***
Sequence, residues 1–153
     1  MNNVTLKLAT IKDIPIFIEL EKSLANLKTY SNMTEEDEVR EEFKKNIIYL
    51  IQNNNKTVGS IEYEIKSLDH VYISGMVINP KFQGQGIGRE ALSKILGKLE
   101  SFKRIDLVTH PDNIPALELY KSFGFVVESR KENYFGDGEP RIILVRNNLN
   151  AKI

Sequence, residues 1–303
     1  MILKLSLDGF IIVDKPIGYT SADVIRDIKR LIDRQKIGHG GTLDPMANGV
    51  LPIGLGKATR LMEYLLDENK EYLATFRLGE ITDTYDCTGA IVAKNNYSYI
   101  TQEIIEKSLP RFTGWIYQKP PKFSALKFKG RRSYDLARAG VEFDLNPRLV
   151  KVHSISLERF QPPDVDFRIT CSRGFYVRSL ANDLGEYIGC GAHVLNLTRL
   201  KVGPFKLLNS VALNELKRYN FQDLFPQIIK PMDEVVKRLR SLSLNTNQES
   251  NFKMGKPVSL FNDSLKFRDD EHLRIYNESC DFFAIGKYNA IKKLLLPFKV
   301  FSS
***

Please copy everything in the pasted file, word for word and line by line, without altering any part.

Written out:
Sequence, residues 1–153
     1  MNNVTLKLAT IKDIPIFIEL EKSLANLKTY SNMTEEDEVR EEFKKNIIYL
    51  IQNNNKTVGS IEYEIKSLDH VYISGMVINP KFQGQGIGRE ALSKILGKLE
   101  SFKRIDLVTH PDNIPALELY KSFGFVVESR KENYFGDGEP RIILVRNNLN
   151  AKI

Sequence, residues 1–303
     1  MILKLSLDGF IIVDKPIGYT SADVIRDIKR LIDRQKIGHG GTLDPMANGV
    51  LPIGLGKATR LMEYLLDENK EYLATFRLGE ITDTYDCTGA IVAKNNYSYI
   101  TQEIIEKSLP RFTGWIYQKP PKFSALKFKG RRSYDLARAG VEFDLNPRLV
   151  KVHSISLERF QPPDVDFRIT CSRGFYVRSL ANDLGEYIGC GAHVLNLTRL
   201  KVGPFKLLNS VALNELKRYN FQDLFPQIIK PMDEVVKRLR SLSLNTNQES
   251  NFKMGKPVSL FNDSLKFRDD EHLRIYNESC DFFAIGKYNA IKKLLLPFKV
   301  FSS